EXCERPT FROM Easy Tasty Italian by Laura Santtini
Forget Domestic Goddess! With five boys, three hotels, and a wayward husband, "Nonna' Armelin Pasqua, my paternal grandmother and the best cook I ever knew, was a Domestic Sergeant Major – she had to be!
My grandfather believed that if there was no visible action on the stove by 6 a.m., when he left the house, lunch was not worth coming home for. Wise to this excuse for a liquid lunch, Nonna Pasqua rose early to fill a selection of pots with water and the odd rib of celery, all of which would be bubbling with false promise by daybreak.
It was in Nonna Pasqua's kitchen that I learnt my broken Venetian dialect, and how to skin, gut and chop all things dead. She taught me to fish gnocchi out of the bollito misto, to grate nutmetg in the accompanying mashed potatoes; and that size does matter when it comes to a fist full of pudding rice. It was at her starch-stiffened table that I first scooped warm marrow from a bony Stonehenge and chased sauces round my plate with petals from my hollow bread rose. I helped where I could, the concept of a culinary wonderland crystaliizing in my mind. I began to understand the power of food and temptation. It was Nonna who taught me, way before Joan Armatrading, to mix some water with my wine.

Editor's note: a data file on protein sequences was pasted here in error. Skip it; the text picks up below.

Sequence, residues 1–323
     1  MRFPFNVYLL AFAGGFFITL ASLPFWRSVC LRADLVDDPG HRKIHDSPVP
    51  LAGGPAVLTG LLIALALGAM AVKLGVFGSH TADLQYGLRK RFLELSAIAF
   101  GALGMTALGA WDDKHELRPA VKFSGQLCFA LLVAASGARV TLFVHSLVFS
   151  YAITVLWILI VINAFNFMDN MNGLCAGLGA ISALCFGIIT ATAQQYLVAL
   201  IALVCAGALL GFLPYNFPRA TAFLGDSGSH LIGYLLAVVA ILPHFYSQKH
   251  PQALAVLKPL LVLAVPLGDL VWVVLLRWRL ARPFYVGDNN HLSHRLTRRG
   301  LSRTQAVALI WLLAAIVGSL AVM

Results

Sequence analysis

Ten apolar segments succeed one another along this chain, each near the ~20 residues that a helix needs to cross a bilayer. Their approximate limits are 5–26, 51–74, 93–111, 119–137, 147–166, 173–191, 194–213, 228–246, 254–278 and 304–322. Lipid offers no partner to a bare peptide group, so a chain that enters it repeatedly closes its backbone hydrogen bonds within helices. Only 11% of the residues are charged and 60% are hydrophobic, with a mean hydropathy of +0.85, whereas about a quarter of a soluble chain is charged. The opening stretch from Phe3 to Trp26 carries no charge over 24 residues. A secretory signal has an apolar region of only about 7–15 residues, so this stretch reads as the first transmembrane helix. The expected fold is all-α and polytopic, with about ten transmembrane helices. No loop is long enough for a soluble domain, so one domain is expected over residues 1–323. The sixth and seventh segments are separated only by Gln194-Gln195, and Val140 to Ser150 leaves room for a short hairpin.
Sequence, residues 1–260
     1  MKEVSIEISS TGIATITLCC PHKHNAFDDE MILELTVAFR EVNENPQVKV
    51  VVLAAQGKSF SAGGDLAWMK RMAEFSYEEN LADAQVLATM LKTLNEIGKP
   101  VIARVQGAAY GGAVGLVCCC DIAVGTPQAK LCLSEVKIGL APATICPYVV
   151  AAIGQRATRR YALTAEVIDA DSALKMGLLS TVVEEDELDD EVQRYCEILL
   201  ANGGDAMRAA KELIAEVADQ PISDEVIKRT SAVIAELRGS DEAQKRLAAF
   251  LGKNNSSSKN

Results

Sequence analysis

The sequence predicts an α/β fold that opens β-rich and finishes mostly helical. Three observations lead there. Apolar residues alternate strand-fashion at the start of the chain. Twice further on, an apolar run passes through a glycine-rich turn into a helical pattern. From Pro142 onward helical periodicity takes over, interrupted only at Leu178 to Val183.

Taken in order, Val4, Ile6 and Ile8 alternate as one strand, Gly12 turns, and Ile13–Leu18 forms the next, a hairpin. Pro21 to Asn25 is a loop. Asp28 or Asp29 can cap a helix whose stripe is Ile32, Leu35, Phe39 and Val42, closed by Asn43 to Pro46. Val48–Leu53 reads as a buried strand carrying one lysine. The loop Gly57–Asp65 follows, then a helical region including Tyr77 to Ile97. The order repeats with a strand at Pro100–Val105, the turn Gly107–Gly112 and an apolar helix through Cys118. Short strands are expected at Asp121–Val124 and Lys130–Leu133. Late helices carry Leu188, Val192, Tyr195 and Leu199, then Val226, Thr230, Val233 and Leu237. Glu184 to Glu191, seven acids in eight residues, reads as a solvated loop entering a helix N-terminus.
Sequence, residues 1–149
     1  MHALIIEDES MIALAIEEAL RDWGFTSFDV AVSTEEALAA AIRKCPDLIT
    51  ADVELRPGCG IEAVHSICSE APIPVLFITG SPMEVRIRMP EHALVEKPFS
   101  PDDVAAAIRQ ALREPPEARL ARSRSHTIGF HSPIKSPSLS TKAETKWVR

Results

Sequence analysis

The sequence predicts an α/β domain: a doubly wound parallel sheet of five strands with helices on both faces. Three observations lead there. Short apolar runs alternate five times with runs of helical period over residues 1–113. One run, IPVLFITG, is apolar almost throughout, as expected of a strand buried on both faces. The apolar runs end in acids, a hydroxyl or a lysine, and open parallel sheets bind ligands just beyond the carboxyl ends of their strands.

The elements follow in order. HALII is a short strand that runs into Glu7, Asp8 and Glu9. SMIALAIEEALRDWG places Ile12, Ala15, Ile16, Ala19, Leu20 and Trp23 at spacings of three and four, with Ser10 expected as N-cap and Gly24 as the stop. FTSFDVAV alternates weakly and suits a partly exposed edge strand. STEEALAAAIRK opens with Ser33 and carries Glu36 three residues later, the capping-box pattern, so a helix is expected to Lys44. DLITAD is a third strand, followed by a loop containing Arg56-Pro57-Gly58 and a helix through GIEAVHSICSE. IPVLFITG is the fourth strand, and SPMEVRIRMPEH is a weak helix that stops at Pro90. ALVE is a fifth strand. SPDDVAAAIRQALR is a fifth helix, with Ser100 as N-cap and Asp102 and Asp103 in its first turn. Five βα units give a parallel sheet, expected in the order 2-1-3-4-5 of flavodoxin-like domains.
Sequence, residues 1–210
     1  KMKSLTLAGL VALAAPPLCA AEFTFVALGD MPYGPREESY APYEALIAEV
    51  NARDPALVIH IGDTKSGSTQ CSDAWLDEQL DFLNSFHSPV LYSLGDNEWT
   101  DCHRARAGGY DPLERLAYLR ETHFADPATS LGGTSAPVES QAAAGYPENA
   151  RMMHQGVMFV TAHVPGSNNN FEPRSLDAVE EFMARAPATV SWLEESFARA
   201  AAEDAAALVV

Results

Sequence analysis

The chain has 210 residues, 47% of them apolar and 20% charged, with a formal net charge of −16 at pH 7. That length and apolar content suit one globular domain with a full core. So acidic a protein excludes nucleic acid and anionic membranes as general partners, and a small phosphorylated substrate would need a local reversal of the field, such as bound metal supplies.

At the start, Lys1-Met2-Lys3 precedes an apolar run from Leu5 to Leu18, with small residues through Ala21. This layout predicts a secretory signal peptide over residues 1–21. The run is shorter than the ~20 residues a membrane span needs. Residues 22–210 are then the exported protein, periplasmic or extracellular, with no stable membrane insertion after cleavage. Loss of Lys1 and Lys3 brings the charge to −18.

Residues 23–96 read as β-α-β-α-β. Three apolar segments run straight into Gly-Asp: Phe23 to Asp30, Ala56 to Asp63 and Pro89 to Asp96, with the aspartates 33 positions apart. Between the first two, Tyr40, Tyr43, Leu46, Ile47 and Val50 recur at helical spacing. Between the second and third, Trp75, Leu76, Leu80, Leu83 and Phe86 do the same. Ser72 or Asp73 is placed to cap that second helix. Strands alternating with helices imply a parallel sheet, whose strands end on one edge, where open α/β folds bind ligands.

The biggest lesson was 'Waste not, want not.' Her reluctance to put anything in the bin led to the preparation of cicciole, my absolute favorite treat. Cicciole are made from any excess fatty skin on a chicken, usually from the neck or around the cavity opening. Nonna would slice these quilted remnants into small waxy strips and fry them in hot olive oil. I would watch, with my mouth watering, as they struggled and spat from the pan, then wait patiently as they rested on the yellow sugar paper, before munching them one by one with a sprinkling of salt. I fancy that if pigs could fly their scratchings would taste more like this: crispy bits of heaven.
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